Introduction

Hello, and welcome to the Nushell project. The goal of this project is to take the Unix philosophy of shells, where pipes connect simple commands together, and bring it to the modern style of development.

Nu takes cues from a lot of familiar territory: traditional shells like bash, advanced shells like PowerShell, functional programming, systems programming, and more. But rather than trying to be the jack of all trades, Nu focuses its energy on doing a few things well:

The easiest way to see what Nu can do is to start with some examples, so let’s dive in.

The first thing you’ll notice when you run a command like ls is that instead of a block of text coming back, you get a structured table.

> ls
────┬────────────────────┬──────┬────────┬────────────
 #  │ name               │ type │ size   │ modified
────┼────────────────────┼──────┼────────┼────────────
  0 │ 404.html           │ File │  429 B │ 3 days ago
  1 │ CONTRIBUTING.md    │ File │  955 B │ 8 mins ago
  2 │ Gemfile            │ File │ 1.1 KB │ 3 days ago
  3 │ Gemfile.lock       │ File │ 6.9 KB │ 3 days ago
  4 │ LICENSE            │ File │ 1.1 KB │ 3 days ago
  5 │ README.md          │ File │  213 B │ 3 days ago
...

The table is more than just showing the directory in a different way. Just like tables in a spreadsheet, this table allows us to work with the data more interactively.

The first thing we’ll do is to sort our table by the size. To do this, we’ll take the output from ls and feed it into a command that can sort tables based on the contents of a column.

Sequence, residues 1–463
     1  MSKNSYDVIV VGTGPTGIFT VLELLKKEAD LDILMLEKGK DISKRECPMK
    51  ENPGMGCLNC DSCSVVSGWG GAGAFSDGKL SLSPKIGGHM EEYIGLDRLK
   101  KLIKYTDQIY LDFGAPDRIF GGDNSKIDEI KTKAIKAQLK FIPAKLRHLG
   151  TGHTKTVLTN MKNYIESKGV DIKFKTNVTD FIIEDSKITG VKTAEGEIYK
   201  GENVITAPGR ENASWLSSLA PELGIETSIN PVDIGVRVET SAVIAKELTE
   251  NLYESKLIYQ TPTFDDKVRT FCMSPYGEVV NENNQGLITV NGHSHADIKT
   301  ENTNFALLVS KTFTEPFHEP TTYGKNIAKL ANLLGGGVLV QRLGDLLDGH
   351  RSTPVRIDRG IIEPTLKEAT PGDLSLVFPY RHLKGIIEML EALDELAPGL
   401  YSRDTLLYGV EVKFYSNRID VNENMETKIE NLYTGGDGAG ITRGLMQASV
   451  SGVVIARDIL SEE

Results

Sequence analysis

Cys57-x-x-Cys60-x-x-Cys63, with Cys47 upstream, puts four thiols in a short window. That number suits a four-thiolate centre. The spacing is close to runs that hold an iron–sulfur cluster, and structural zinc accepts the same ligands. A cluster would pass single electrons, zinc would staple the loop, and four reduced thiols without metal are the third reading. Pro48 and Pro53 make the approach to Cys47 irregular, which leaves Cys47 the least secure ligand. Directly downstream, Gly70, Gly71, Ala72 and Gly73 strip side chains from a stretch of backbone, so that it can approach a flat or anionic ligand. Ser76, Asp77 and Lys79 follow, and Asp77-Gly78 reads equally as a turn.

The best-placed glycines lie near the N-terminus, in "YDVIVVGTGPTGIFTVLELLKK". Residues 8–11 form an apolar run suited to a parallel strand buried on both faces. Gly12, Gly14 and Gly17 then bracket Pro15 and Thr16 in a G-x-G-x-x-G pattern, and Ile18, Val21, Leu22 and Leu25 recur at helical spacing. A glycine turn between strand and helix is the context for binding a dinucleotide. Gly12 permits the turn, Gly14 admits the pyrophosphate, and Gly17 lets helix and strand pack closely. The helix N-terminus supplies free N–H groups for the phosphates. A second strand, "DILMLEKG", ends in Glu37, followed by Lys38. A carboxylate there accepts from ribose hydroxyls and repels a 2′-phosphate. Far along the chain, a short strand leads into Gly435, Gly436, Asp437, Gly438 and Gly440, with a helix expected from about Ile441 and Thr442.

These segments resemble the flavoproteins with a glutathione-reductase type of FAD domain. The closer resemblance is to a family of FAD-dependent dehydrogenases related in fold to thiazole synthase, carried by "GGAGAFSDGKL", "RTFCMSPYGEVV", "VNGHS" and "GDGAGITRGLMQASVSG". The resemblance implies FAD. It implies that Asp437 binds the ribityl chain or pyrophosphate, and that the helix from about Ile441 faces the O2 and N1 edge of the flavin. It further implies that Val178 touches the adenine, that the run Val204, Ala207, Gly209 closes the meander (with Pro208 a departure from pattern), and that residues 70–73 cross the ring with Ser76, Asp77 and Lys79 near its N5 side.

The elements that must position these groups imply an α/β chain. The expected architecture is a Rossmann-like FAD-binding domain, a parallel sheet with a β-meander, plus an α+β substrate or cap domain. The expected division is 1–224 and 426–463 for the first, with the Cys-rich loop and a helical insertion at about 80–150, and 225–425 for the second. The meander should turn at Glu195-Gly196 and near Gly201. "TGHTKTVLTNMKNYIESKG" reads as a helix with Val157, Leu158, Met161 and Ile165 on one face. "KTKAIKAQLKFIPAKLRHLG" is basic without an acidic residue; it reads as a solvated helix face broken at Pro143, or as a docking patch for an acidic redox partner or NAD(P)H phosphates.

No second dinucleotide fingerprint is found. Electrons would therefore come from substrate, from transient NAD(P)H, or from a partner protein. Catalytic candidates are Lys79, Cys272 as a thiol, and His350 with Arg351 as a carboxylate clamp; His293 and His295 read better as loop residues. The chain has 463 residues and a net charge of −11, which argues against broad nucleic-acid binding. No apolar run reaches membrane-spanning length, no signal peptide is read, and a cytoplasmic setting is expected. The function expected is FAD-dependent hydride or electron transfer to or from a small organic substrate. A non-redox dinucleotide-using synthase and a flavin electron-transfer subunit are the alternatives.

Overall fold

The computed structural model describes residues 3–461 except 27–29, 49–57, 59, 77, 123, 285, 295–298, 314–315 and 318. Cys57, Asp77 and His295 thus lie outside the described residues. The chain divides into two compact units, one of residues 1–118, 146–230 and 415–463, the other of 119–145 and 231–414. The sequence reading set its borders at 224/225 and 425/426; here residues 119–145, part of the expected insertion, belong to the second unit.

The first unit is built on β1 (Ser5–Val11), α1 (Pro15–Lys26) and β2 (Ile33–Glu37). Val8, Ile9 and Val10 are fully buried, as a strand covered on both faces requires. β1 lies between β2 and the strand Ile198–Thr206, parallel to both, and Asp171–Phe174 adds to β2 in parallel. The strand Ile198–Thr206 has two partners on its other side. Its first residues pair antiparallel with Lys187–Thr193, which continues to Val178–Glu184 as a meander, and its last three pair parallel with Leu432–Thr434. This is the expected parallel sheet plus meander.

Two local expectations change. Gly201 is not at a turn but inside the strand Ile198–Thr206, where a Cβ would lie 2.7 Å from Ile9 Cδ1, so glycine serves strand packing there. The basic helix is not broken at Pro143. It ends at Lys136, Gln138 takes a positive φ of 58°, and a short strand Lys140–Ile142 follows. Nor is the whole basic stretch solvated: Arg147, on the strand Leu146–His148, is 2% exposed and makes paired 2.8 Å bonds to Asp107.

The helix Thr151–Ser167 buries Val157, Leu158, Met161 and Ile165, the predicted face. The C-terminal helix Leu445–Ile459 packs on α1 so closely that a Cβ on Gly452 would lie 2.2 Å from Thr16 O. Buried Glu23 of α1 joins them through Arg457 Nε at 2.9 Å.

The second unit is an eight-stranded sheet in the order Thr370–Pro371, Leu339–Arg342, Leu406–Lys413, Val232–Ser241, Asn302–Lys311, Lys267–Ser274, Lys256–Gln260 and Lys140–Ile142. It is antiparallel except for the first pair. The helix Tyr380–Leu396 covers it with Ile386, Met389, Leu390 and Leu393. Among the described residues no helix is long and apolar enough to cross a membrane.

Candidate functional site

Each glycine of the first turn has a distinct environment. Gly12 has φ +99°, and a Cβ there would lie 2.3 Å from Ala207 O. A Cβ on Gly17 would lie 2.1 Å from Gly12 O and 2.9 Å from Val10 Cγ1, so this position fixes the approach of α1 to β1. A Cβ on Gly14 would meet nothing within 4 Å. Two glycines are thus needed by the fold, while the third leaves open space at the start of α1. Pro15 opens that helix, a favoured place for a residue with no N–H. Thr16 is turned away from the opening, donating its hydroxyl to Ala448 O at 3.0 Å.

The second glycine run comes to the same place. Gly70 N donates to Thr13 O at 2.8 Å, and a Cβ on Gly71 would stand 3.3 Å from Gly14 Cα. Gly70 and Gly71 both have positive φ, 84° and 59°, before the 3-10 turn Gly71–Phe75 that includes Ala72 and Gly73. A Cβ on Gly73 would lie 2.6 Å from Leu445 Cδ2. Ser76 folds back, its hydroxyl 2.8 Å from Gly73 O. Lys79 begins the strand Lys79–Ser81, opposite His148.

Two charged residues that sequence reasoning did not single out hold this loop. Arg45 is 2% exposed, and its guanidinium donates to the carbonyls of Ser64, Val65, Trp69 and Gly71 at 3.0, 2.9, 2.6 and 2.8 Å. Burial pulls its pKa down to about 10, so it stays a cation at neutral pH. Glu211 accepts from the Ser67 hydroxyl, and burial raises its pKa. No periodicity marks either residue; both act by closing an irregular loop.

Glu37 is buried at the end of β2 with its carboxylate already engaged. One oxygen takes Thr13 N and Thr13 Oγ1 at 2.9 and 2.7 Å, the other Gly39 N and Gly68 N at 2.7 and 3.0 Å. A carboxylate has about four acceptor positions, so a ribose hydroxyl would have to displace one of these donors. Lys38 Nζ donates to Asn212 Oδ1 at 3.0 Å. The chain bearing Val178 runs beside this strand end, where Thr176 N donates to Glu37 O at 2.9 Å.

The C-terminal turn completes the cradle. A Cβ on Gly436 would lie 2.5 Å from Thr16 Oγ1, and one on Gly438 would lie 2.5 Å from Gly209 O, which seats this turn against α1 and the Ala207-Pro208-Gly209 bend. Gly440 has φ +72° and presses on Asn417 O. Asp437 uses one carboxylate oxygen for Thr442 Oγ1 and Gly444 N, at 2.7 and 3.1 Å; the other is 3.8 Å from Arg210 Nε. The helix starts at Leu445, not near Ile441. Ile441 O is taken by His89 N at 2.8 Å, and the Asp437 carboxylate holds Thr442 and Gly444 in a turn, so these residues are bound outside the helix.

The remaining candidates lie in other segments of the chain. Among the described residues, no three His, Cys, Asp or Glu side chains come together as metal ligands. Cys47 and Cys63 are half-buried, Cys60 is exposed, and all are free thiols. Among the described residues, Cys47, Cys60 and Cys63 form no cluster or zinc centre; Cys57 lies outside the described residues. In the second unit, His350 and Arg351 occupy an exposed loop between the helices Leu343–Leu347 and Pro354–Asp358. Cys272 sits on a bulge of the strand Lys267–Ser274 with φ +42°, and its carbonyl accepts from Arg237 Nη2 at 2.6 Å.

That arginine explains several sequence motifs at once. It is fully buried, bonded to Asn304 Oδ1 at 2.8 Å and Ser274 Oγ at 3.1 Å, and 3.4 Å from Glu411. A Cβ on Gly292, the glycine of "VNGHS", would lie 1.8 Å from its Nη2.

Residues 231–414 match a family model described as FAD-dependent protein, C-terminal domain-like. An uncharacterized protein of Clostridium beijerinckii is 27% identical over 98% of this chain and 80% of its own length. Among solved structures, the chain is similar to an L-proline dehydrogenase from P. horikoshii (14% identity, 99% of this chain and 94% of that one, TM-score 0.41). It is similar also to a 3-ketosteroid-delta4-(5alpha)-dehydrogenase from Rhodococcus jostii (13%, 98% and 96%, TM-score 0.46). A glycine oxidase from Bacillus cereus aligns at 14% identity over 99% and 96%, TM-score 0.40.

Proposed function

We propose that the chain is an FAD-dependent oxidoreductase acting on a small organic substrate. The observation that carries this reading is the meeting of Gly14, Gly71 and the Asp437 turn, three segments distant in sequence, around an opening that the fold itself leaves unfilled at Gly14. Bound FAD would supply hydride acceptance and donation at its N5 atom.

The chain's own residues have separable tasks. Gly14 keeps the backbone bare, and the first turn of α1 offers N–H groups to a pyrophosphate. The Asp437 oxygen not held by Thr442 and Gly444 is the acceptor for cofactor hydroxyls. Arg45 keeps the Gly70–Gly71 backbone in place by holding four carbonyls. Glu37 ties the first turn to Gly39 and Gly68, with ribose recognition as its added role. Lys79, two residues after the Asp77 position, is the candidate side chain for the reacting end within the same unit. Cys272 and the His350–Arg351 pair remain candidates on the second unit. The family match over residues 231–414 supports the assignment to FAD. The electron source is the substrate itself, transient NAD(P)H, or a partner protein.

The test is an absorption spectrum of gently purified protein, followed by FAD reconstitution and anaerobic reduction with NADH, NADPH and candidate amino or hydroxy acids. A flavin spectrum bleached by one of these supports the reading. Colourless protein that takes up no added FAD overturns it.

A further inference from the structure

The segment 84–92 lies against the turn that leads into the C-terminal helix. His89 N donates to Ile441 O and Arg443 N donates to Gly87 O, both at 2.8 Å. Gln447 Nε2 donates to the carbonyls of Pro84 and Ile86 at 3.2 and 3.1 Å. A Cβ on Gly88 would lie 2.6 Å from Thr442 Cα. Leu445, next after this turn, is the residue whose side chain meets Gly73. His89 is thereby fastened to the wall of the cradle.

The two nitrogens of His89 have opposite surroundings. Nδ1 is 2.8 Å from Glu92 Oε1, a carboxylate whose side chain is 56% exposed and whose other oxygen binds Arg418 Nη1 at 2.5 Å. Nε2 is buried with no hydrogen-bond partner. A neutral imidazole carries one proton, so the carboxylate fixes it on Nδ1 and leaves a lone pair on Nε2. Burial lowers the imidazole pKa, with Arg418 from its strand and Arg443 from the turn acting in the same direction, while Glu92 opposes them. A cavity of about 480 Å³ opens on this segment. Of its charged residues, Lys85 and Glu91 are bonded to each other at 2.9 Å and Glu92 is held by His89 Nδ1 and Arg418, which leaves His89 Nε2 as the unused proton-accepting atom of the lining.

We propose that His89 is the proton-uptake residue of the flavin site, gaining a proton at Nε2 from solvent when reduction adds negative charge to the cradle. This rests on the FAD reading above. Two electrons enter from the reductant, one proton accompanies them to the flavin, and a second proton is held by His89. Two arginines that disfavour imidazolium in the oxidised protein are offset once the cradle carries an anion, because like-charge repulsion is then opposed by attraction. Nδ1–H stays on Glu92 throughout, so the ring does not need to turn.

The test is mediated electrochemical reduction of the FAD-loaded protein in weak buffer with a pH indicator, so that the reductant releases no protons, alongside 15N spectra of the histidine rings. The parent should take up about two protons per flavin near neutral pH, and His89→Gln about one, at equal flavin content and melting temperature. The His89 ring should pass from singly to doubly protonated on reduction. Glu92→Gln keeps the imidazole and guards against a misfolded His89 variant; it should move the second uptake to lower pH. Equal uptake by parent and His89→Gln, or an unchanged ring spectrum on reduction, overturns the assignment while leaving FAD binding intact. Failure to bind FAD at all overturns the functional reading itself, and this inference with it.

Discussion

> ls | sort-by size | reverse
────┬────────────────────┬──────┬────────┬────────────
 #  │ name               │ type │ size   │ modified
────┼────────────────────┼──────┼────────┼────────────
  0 │ Gemfile.lock       │ File │ 6.9 KB │ 3 days ago
  1 │ SUMMARY.md         │ File │ 3.7 KB │ 3 days ago
  2 │ Gemfile            │ File │ 1.1 KB │ 3 days ago
  3 │ LICENSE            │ File │ 1.1 KB │ 3 days ago
  4 │ CONTRIBUTING.md    │ File │  955 B │ 9 mins ago
  5 │ books.md           │ File │  687 B │ 3 days ago
...

You can see that to make this work we didn’t pass commandline arguments to ls. Instead, we used the sort-by command that Nu provides to do the sorting of the output of the ls command. To see the biggest files on top, we also used reverse.

Nu provides many commands that can work on tables. For example, we could filter the contents of the ls table so that it only shows files over 1 kilobyte:

> ls | where size > 1kb
───┬──────────────┬──────┬────────┬────────────
 # │ name         │ type │ size   │ modified
───┼──────────────┼──────┼────────┼────────────
 0 │ Gemfile      │ File │ 1.1 KB │ 3 days ago
 1 │ Gemfile.lock │ File │ 6.9 KB │ 3 days ago
 2 │ LICENSE      │ File │ 1.1 KB │ 3 days ago
 3 │ SUMMARY.md   │ File │ 3.7 KB │ 3 days ago
───┴──────────────┴──────┴────────┴────────────

Just as in the Unix philosophy, being able to have commands talk to each other gives us ways to mix-and-match in many different combinations. Let’s look at a different command:

> ps
─────┬───────┬──────────────────┬─────────┬─────────┬──────────┬─────────
 #   │ pid   │ name             │ status  │ cpu     │ mem      │ virtual
─────┼───────┼──────────────────┼─────────┼─────────┼──────────┼─────────
   0 │ 33155 │ nu_plugin_core_p │ Running │  3.8496 │   1.8 MB │  4.4 GB
   1 │ 32841 │ mdworker_shared  │ Running │  0.0000 │  19.3 MB │  4.4 GB
   2 │ 32829 │ CoreServicesUIAg │ Running │  0.0000 │  16.1 MB │  4.5 GB
   3 │ 32828 │ mdworker_shared  │ Running │  0.0000 │  23.0 MB │  4.4 GB

You may be familiar with the ps command if you’ve used Linux. With it, we can get a list of all the current processes that the system is running, what their status is, and what their name is. We can also see the CPU load for the processes.